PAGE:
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Volume No. 1 Issue No. 72 - Monday October 17, 2005
Dominica - Treasure Island
by Simon Lee (Reprinted from the Chicago Sun Times October 16, 2005)


If Columbus revisited the Caribbean, the northern Windward island of Dominica might well be the only place he'd recognize. From the air it's a mass of densely forested mountains, scored by river valleys. At ground level, "The Nature Island" bursts with luxuriant vegetation: giant rain forest trees and ferns, wild heliconias, ginger lilies, orchids, soccer-ball-size grapefruits and thick bunches of bananas, the staple crop. Appropriately the national motto is "Apres Bondie C'est La Ter" -- after God, the land.

Everywhere you hear the music of water; the percussion of rain on forest leaves; the roar of waterfalls or Atlantic rollers; the rush of rivers through mountain gorges; the sputtering of fumaroles. The air is redolent of spices, citrus, a potpourri of wild flower fragrances and the eternal dampness of the forest. The fertile volcanic terrain defines the island and its unique Amerindian, Afro-Creole culture.

Dominica is a natural bastion and sobering reminder of what much of the region must have looked like before colonization. There are no casinos or glitzy shopping malls here, instead you'll find mountain lodges, mini eco-resorts and family-run guesthouses.

Although small, 29 miles long by 16 miles wide, its rugged topography makes it seem much bigger. To the Caribs who made it one of their last strongholds, it is known as Waitukubuli or tall is her body. Much like the rain forest, the Caribs have survived in Dominica. The Carib Territory on the northeast coast is the only Amerindian reserve left in the islands. Other survivors are more than 1,000 species of flowering plants (including 74 orchids and 200 ferns), 365 rivers and 166 bird species.

IF YOU GO
Getting there: There are no direct flights from America. Connections usually from Miami can be made in Puerto Rico, St. Maarten, Antigua, St. Lucia or the French Antilles (Martinique and Guadeloupe). Reliable ferry services operate from St. Lucia and the French Antilles.

Weather: Daytime temperatures average between 70 to 85 degrees, although it can be much cooler during the night in the mountains. Rainy season: July-October, with showers throughout the year.

Bank hours: 8 a.m.-2 p.m.,Monday-Thursday; 8 a.m.-5 p.m., Friday. Currency: East Caribbean dollar EC$2.67=US$1 Departure tax: US$18.50 Accommodation: Fort Young Hotel, Garraway and Sutton Place Hotel, all in Roseau. Exotica mini eco-resort on Morne Anglais.

For more information: Dominica Tourist Board www.dominica.com; www.ndcdominica.dm and another useful site www.avirtualdominica.com.

Eco-tourism destination
The stunning scenery of the Morne Trois Pitons National Park, with its Boiling Lake and lunar-landscaped Valley of Desolation, is matched below the water by the seascape of the Soufriere-Scotts Head Marine Reserve, resplendent with its submerged craters, sheer coral reefs, lava pinnacles and the thermally heated bubbling water of the Champagne Reef.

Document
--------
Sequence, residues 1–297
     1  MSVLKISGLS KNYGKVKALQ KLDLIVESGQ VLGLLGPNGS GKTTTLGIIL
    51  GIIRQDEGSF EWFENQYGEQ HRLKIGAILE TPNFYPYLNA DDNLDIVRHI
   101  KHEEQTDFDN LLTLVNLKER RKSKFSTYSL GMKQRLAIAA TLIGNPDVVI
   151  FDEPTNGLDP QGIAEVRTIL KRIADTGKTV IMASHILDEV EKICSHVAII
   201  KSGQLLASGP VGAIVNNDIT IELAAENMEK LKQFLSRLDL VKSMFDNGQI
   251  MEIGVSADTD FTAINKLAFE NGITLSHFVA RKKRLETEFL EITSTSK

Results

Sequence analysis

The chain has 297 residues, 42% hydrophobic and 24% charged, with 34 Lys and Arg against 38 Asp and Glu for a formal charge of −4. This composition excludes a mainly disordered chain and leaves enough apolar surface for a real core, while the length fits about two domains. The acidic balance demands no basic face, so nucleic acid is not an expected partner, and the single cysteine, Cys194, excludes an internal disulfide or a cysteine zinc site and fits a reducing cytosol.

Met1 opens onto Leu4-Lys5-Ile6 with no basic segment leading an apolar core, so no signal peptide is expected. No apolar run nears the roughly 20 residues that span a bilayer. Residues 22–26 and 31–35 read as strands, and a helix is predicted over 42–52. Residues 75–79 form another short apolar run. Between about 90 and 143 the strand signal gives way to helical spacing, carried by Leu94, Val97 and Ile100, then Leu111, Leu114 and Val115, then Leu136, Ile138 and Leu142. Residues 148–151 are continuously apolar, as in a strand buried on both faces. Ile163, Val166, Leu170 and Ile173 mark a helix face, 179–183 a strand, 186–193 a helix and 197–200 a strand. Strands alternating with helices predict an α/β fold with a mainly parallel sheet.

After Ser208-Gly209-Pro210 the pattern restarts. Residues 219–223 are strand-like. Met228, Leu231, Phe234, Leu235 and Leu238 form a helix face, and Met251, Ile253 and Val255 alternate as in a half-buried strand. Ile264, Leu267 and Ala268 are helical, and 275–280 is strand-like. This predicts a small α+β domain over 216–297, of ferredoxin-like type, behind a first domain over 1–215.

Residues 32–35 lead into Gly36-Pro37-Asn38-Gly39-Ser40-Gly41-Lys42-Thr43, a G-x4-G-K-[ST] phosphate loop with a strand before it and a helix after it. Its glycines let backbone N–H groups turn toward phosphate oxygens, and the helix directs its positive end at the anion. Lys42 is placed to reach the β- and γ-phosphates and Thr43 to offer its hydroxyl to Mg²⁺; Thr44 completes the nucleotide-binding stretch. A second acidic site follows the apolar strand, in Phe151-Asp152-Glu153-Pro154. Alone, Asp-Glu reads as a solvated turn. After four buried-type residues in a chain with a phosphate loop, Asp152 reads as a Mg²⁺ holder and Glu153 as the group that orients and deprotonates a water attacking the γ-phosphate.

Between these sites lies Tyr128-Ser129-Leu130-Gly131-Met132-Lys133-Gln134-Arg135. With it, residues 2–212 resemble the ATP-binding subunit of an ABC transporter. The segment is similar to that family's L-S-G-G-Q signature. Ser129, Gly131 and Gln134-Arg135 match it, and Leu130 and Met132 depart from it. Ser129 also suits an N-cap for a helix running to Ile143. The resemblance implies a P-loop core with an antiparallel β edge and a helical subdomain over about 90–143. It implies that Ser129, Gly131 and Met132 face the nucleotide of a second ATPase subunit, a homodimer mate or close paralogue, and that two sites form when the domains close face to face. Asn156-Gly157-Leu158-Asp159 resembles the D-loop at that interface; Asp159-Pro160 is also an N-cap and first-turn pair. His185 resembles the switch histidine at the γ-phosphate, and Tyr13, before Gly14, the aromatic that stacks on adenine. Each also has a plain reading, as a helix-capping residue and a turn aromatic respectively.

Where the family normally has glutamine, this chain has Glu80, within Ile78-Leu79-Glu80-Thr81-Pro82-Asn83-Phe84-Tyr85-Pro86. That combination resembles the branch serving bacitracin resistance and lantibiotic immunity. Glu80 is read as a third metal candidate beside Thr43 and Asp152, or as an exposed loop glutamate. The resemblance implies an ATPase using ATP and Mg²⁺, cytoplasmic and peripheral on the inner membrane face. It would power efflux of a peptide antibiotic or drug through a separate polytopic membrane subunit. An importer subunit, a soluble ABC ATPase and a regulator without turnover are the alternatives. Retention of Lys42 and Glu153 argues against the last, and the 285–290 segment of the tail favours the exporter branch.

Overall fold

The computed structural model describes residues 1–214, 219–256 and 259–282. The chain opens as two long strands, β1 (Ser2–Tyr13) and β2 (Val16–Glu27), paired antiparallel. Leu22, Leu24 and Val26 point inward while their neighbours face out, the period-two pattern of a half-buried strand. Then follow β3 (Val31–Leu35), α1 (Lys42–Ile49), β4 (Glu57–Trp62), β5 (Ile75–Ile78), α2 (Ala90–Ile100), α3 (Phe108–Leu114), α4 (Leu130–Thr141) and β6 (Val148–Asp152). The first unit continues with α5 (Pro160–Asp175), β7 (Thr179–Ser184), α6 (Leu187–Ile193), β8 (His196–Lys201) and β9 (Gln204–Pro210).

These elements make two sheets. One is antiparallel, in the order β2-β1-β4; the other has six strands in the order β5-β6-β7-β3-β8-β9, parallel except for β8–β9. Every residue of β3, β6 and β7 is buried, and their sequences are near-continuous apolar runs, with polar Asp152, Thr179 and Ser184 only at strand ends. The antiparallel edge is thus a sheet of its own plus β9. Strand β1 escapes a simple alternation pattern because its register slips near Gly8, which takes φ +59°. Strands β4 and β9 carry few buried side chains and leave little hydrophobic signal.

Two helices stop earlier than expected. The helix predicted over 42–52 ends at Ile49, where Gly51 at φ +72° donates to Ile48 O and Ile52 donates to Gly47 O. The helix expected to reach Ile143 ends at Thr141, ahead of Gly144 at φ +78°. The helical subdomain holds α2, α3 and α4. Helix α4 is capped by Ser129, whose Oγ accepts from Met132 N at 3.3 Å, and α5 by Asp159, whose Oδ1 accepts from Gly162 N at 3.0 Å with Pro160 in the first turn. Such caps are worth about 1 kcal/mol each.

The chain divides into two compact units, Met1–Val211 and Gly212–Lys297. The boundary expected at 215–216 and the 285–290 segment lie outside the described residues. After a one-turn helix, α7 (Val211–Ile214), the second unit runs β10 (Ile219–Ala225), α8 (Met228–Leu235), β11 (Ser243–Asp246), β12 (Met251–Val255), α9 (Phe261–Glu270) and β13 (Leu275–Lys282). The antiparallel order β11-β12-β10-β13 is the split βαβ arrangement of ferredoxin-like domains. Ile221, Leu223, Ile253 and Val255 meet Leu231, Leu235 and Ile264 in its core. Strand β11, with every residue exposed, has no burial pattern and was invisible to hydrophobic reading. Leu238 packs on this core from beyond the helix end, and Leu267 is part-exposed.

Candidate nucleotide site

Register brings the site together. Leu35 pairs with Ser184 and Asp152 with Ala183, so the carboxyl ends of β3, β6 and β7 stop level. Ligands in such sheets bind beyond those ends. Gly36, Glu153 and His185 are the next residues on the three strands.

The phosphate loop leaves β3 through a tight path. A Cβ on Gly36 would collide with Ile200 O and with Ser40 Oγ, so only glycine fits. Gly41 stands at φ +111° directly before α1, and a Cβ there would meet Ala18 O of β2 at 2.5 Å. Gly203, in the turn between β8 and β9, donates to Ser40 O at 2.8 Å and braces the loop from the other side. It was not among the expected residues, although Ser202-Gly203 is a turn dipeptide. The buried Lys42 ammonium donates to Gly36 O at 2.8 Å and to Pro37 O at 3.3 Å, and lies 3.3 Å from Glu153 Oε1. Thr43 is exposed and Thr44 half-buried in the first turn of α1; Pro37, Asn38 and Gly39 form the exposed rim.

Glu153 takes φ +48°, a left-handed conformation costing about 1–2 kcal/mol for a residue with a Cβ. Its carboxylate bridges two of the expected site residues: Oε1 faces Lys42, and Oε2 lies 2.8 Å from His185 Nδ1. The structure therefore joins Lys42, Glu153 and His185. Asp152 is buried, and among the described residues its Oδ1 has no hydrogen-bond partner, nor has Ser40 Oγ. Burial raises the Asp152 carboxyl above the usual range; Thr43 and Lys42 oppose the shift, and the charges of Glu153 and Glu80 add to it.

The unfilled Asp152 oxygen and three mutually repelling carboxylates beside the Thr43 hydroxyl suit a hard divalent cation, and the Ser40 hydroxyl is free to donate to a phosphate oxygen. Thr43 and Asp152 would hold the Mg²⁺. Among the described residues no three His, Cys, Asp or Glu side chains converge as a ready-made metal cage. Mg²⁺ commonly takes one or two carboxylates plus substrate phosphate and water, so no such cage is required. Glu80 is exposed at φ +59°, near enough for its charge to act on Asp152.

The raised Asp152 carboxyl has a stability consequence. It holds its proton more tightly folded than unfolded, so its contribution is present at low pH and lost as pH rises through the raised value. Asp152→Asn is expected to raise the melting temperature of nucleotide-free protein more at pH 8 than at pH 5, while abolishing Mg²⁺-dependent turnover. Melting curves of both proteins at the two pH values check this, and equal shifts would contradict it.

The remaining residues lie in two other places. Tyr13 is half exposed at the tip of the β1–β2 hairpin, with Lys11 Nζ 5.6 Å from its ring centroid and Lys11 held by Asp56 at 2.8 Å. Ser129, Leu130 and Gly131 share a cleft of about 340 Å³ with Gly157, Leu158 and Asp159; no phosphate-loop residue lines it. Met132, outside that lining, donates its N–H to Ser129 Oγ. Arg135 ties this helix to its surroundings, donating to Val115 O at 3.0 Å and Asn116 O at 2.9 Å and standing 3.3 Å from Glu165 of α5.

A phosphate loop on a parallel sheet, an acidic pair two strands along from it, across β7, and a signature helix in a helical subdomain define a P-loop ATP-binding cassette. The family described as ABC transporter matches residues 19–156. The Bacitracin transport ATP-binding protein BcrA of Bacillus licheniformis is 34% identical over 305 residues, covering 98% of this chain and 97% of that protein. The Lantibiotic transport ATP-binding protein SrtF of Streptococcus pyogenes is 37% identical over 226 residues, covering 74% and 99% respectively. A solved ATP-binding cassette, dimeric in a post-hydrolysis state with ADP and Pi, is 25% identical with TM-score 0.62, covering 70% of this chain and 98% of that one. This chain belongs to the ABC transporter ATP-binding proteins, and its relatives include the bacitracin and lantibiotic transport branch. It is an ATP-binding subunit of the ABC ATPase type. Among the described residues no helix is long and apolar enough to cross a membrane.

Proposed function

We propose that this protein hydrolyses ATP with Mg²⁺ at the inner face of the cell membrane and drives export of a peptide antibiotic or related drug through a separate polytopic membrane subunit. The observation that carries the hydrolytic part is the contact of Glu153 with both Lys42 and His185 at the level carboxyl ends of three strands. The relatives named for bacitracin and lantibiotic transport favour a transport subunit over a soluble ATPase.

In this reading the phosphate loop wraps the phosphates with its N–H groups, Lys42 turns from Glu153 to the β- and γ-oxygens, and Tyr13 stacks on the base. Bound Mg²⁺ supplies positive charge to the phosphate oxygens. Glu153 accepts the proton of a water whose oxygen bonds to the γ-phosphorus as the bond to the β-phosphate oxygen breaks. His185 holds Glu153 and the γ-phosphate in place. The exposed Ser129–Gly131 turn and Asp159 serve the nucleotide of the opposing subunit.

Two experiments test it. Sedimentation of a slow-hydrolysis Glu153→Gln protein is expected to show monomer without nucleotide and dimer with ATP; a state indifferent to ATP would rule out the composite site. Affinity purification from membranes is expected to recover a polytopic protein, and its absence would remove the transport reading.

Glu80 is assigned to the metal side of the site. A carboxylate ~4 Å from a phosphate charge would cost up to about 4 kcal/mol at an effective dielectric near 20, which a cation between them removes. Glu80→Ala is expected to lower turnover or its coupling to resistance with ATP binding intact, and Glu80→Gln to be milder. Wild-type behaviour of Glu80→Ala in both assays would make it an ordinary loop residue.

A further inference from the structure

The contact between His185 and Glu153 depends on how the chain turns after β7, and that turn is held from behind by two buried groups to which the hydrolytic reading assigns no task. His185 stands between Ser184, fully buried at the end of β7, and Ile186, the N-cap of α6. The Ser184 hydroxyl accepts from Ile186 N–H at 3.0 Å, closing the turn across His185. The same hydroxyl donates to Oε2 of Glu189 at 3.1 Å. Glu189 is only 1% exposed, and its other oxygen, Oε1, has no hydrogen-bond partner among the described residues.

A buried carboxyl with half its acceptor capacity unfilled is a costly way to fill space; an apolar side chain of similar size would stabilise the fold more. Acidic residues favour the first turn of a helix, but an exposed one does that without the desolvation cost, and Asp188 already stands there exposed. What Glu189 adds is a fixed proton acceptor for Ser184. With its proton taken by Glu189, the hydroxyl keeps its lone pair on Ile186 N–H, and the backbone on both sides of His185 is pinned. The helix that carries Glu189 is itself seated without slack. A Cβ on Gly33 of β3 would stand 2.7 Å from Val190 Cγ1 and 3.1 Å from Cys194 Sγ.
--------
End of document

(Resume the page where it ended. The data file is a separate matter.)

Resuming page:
Dominica's lush reserve and the Morne Trois Pitons National Park, which has been added to the list of UNESCO World Heritage sites, have helped the island obtain its eco-destination status by organizations such as Green Globe, an international eco-tourism body.

Covering nearly 17,000 acres, the park lies in the south, within easy reach of the capital, Roseau. Besides some of the best examples of rain forest, elfin and montane forest and highest mountains in the Lesser Antilles, it boasts the largest Boiling Lake in the Western hemisphere.

Named for the 4,600-foot-high volcanic massif, the park has a number of trails, varying from an easy stroll to extremely arduous. Some of the hikes, particularly to the Boiling Lake should not be tackled without a local guide.

The three most popular sites are the Emerald Pool, the Freshwater Reservoir and the Boiling Lake. Morne Micotrin, the Freshwater and Boeri lakes are all relics of one of the largest volcanic explosions in the Caribbean. Micotrin is the surviving cone, while the two lakes rest in the lip of the old crater.

For those with stamina, and strong shoes, the hike to the Boiling Lake (four miles as the crow flies but realistically an eight-hour round trip) is a once in a lifetime experience. There are spectacular views en route -- the surreal sulphur-spring moonscape of the Valley of Desolation with its steaming fumaroles, pools of boiling mud, mineral streams streaked black, blue, yellow and orange and finally the bubbling cauldron itself, wreathed in steam.

Sheer green, orange and brown sides drop 40 feet from the lip of the crater to the seething water below. Periodically the steam clears to reveal a near perfect circle, over 200 feet across, ringed by narrow shores. Slightly off-center, a constant whirlpool churns sometimes spitting up a boiling fountain.

Other protected areas include: the Central and Northern Forest Reserves, the Cabrits National Park (site of Fort Shirley, an 18th-century British garrison that housed 600 soldiers, and the Syndicate Parrot Reserve -- home to two endangered parrot species: the Imperial, the national bird known locally as the Sisserou and red-necked Jaco), Morne Diablotin National Park, Indian River National Park and the Scotts Head, Soufriere Marine Reserve.

Natural wonders
For the hiker or biker, botanist or naturalist, Dominica is the real treasure island. Even a leisurely stroll along the easy trail of the Syndicate Estate reveals such wonders as the 500-year-old Chatagnier Ti Feuille tree "the grandfather of the forest," giant gommiers and ferns, which dinosaurs once dined on.

The sea, both above and below the waterline, has its treasures. Sperm and humpback whales and dolphins are regularly sighted offshore and divers are awed by reefs that plunge dramatically to depths of 1,000 feet. Beside the diversity of coral, there are rare sea creatures: frogfish, batfish and electric rays.